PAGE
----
Sunday 24th June, 2018
8 ℃ | 16 ℃Sydney

LONDON, U.K. - In a speech addressing an event organised by Open Britain campaign group in London, former U.K. Prime Minister Tony Blair said that people voted in the referendum "without knowledge of the true terms of Brexit.”

Blair reportedly said, “People voted without knowledge of the true terms of Brexit. As these terms become clear, it is their right to change their mind. Our mission is to persuade them to do so."

Blair, who was prime minister of the United Kingdom from 1997 to 2007, made his opposition to a ‘Hard Brexit’ public, with a pledge to find “a way out from the present rush over the cliff’s edge.”

Setting himself up for a standoff with Theresa May's Conservative government, which Blair accused of being a "government for Brexit, of Brexit and dominated by Brexit," he argued "those driving this always wanted a hard Brexit."

"Indeed even the term hard Brexit requires amendment. The policy is now Brexit at any cost."

"Our challenge is to expose relentlessly the actual cost, to show how this decision was based on imperfect knowledge which will now become informed knowledge," Blair said.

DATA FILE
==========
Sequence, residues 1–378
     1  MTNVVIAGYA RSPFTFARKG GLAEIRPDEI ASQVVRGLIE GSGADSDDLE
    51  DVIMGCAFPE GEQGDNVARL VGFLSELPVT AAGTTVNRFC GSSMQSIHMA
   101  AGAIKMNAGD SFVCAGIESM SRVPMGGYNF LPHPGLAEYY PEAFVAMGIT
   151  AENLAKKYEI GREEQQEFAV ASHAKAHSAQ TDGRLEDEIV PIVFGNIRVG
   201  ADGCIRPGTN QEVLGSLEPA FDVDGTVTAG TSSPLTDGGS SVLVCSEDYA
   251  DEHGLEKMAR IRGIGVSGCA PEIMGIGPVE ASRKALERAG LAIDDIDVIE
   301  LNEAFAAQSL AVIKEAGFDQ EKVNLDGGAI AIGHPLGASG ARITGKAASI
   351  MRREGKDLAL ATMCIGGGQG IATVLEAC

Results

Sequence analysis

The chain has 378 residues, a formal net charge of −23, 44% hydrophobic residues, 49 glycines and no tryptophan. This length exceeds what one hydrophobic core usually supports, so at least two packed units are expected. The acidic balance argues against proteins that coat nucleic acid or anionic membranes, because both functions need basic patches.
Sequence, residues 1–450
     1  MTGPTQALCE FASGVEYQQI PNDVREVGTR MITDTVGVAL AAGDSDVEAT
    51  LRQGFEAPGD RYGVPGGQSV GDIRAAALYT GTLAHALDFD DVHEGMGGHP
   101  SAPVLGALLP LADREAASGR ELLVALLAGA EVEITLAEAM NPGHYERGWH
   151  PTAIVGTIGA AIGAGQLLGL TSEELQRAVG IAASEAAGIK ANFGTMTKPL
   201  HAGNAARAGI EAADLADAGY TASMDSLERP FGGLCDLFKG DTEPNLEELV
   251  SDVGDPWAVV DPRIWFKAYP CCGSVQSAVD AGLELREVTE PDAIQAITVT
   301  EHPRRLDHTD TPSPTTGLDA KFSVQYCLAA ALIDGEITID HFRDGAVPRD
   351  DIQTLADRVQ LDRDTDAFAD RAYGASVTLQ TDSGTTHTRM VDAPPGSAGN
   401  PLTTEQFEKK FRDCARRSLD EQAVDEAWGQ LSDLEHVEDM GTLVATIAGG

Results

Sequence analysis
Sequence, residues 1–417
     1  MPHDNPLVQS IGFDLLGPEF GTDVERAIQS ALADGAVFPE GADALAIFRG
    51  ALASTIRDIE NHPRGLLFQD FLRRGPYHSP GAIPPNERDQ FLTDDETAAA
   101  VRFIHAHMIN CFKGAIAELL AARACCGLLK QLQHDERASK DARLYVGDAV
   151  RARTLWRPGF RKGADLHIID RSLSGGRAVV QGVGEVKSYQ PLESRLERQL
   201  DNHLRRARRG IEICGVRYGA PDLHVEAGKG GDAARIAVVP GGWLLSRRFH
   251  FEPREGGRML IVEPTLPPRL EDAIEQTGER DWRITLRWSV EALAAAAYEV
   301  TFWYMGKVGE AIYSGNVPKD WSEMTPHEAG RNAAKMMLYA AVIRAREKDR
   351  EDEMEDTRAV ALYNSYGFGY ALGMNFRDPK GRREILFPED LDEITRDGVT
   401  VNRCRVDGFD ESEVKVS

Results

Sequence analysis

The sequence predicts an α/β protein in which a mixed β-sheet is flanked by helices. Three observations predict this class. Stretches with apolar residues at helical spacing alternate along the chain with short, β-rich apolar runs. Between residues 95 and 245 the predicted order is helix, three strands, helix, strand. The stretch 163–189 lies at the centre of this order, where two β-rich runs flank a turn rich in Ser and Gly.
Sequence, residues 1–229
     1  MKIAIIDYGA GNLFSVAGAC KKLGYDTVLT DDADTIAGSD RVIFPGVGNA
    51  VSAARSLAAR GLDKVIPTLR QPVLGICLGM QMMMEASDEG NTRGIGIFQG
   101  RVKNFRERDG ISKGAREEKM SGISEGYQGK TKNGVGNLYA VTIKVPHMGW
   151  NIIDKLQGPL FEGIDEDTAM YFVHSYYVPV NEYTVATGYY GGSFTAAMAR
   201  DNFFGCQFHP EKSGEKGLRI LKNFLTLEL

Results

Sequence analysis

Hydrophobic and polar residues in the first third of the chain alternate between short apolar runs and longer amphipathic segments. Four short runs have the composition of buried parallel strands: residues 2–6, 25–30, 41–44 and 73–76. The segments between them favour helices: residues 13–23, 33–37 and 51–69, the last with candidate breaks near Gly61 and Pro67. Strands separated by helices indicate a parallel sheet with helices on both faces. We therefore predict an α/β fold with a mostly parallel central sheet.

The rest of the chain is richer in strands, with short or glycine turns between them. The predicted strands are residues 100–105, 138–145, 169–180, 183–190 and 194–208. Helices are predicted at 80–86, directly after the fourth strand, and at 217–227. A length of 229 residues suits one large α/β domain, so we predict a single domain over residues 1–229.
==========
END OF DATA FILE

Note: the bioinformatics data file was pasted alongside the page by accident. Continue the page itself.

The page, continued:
The Labor leader also categorically rejected May's argument that her opponents are "citizens of nowhere."

"How hideously, in this debate, is the mantle of patriotism abused. We do not argue for Britain in Europe because we are citizens of nowhere. We argue for it precisely because we are proud citizens of our country who believe that in the 21st century, we should maintain our partnership with the biggest political union and largest commercial market right on our doorstep," he reportedly stated in his speech.

Blair acknowledged "genuine concerns" over immigration but claimed that "for many people" the main concern is around entrants from countries outside the bloc.

"Nonetheless, we have moved in a few months from a debate about what sort of Brexit involving a balanced consideration of all the different possibilities; to the primacy of one consideration - namely controlling immigration from the EU - without any real discussion as to why and when Brexit doesn't affect the immigration people most care about," he said. 

Meanwhile, Prime Minister May has said Britain will not try to “cherry pick” which parts of the European Union it maintains access to after Brexit.

Writing in French newspaper Le Figaro, she said, "As we leave the EU, we will seek the greatest possible access to the European single market through a new, comprehensive, bold, ambitious free trade agreement.”

"This cannot, however, mean retaining membership of the single market. We do not, to borrow the phrase, seek to cherry-pick which bits of membership we desire."

The prime minister has pledged to invoke Article 50 by the end of March 2017 - formally beginning Brexit negotiations.

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